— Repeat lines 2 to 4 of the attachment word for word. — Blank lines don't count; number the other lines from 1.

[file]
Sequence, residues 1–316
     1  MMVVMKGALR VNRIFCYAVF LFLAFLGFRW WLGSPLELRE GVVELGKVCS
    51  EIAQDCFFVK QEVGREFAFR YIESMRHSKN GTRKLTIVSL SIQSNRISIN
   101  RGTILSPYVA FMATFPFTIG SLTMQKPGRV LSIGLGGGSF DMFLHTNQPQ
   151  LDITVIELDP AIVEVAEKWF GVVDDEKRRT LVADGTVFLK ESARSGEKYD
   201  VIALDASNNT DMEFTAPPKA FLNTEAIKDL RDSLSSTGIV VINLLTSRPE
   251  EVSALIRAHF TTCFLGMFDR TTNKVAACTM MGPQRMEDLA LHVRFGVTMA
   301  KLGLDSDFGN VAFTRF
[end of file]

     1  MMVVMKGALR VNRIFCYAVF LFLAFLGFRW WLGSPLELRE GVVELGKVCS
    51  EIAQDCFFVK QEVGREFAFR YIESMRHSKN GTRKLTIVSL SIQSNRISIN
   101  RGTILSPYVA FMATFPFTIG SLTMQKPGRV LSIGLGGGSF DMFLHTNQPQ